Photo credit: Claudia Chwalisz. Mayor and Vice Mayor of Paris welcome the Paris Citizens’ Assembly
For some citizens of Paris, being chosen to sit on the Paris Citizens’ Assembly feels like winning the lottery: the chance of a lifetime to participate DIRECTLY in the democratic decision-making process.
The real winners, though, are all the residents of Paris.
Paris has become the first major city in the world to institute a permanent citizens’ assembly and to give it real power. (A permanent citizens’ assembly with a similar design already exists in the community of Ostbelgien).
One hundred randomly selected citizens aged 16 and up―reflecting the Parisian population by age, gender, place of residence and education―will be tasked each year with helping shape city policy.
This means the public will see more of their views and their priorities reflected in government policy.
How will the new Paris Citizens’ Assembly work?
Citizens’ assemblies are demographically representative “mini publics” that empower ordinary people who wouldn’t normally be involved in politics.
The number of citizens’ assemblies around the world has been growing exponentially over the last decade, tackling complex and challenging issues from climate change to elder care.
Participants in citizens assemblies learn in-depth from experts, listen to each other’s life experiences, and work together on solutions.
Citizens assemblies cut through the polarization and partisanship that characterize so much of our politics. They are also protected from the effects of misinformation that is rampant in social media.
Most Citizens’ assemblies, however, are one-off events. Their purpose is to produce a report to advise the government on one specific issue.
The Paris Citizens’ Assembly, by contrast, will be permanently baked into the institutions of democracy in Paris, representing a leap forward for citizen empowerment and inclusive democracy.
Each year, Assembly participants will set their own agenda and have real power to propose legislation and evaluate government policy.
In their first year, 2022, the Paris Citizens’ Assembly has chosen to focus on public spaces, environment and social and education issues.
The full Assembly will meet at least twice a year, but working groups on specific issues will meet on an ongoing basis. Members of the Assembly can choose which working groups to join.
A model giving citizens this much flexibility and power is unique in the world.
The Paris Citizens’ Assembly has the power to:
1) Submit a bill directly to the Paris City Council for a debate and vote.
Every year, the Paris Citizens’ Assembly will decide on a policy issue to be put to a citizens’ jury.
A citizens’ jury is a smaller version of a citizens’ assembly. Seventeen members of the public, also selected by sortition, work together for a maximum of three months, hearing from experts, stakeholders and the public, before making policy recommendations to the Assembly.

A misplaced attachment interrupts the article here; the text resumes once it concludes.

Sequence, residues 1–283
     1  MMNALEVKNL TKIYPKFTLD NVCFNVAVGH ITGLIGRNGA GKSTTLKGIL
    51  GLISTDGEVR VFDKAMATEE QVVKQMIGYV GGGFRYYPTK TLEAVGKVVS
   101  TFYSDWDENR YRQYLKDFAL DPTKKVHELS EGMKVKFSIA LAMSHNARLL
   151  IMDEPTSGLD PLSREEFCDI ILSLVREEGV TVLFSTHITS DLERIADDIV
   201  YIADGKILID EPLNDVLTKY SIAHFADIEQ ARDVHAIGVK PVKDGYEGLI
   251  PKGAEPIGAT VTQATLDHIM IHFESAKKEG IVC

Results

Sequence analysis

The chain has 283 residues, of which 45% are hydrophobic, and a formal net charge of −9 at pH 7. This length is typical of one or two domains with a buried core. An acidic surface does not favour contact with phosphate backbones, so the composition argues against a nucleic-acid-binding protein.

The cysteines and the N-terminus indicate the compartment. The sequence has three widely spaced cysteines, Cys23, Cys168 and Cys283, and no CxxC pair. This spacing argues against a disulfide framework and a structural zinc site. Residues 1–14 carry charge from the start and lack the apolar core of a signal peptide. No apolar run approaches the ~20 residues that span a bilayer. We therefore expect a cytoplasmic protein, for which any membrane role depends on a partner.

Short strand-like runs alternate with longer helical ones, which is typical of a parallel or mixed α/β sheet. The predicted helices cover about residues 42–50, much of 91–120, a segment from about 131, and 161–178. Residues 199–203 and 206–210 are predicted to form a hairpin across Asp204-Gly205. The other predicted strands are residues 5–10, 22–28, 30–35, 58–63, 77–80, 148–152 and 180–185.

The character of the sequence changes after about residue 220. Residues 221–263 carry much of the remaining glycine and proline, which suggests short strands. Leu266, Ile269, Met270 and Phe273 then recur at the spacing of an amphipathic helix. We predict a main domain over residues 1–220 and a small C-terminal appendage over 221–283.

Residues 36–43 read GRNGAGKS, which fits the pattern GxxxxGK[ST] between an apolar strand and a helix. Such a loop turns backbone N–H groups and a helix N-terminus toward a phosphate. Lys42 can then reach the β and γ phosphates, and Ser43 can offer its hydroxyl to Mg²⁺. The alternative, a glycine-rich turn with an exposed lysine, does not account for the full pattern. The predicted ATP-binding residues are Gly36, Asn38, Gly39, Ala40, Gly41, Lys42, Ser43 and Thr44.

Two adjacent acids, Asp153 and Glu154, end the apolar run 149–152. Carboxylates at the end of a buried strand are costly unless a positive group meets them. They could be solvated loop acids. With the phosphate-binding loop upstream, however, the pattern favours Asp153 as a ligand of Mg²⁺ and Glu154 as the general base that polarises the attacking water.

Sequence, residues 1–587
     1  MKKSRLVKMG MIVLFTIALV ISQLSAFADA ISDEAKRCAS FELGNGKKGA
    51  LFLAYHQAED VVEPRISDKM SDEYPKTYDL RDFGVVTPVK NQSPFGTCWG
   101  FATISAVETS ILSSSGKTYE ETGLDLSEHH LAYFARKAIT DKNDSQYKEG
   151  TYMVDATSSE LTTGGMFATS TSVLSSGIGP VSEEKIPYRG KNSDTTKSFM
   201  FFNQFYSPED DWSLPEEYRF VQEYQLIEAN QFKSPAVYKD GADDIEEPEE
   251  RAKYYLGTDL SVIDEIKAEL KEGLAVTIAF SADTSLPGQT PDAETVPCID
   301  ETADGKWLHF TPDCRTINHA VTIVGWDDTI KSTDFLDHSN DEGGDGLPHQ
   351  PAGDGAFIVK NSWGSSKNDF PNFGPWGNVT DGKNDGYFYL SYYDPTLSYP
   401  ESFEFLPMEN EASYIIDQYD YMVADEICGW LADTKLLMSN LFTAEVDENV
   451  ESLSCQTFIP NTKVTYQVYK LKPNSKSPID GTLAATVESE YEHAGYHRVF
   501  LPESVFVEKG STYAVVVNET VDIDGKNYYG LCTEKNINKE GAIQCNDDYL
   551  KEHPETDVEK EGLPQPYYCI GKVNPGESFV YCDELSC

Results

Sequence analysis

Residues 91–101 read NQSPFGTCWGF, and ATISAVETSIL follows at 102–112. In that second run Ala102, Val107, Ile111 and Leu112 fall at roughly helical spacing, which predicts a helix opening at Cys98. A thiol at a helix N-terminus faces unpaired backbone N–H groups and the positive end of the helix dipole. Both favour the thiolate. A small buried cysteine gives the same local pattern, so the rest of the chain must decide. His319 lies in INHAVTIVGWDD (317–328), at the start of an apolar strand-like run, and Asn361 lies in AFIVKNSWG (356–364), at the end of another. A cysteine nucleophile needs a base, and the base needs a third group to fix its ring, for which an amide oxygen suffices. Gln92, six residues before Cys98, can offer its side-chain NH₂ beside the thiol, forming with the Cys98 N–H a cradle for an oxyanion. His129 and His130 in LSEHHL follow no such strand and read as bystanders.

The Paris Citizens’ Assembly will craft those recommendations into a bill, which can be submitted to Paris City Council, which will debate and vote on it.
2) Launch an evaluation of an existing policy in the city.
The choice of policy topic must first be discussed by the municipal council and agreed to by the executive. The Citizens’ Assembly can hold hearings of the municipal administration, call in experts, or convene a citizens’ conference.
3) Set the theme for Paris’s annual Participatory Budget.
The Participatory Budget is a process where all citizens of Paris can help decide how 100 million euros of the city’s budget is spent. Every year the government puts out a call for project proposals under a specific theme, which will now be decided by the Citizens’ Assembly. Individuals and civic groups can submit project proposals online, or support those already submitted. In the end, all citizens can vote on which projects will be implemented.
4) Raise questions at every City Council meeting
The Paris City council has an obligation to respond to every recommendation of the Citizens’ Assembly and Citizens’ Jury, both at the time they are submitted, and again a year later.
A representative, citizen-empowered democracy in Canada
Proportional representation―the primary objective of Fair Vote Canada―is essential to ensure our Parliament truly reflects how we voted.
40% of the vote should equal 40% of the seats.
Being at the mercy of “majority” governments elected with 39% of the vote guarantees unpopular policies, extreme policy swings, and unaccountable politicians. That does not serve citizens well.
But there are additional innovations beyond proportional representation which can improve our democracy. citizens’ assemblies take democracy to the next level.
For Canadians wishing to empower everyday citizens with a stronger voice between elections, the Paris citizens’ Assembly is an innovation to watch.
The Alternative (July 2022). Paris’s standing Citizens Assembly has real teeth, shaping policy and laws – and is part of a quiet revolution.
Bürgerrat (Oct 2021) Standing citizens’ assembly in Paris.
Claudia Chwalisz (May 2022). A Movement That’s Quietly Reshaping Democracy For The Better. In Noema magazine.
FIDE. The Assemblée Citoyenne de Paris” as an institutionalized model of deliberative democracy at the city level.
Juliette Legendre. Participatory Budgeting in Paris, France. In Participedia.
Republique Eclairee. Assemblée citoyenne de Paris
University College London (April 2022). Bringing Citizens’ Assemblies to the mainstream.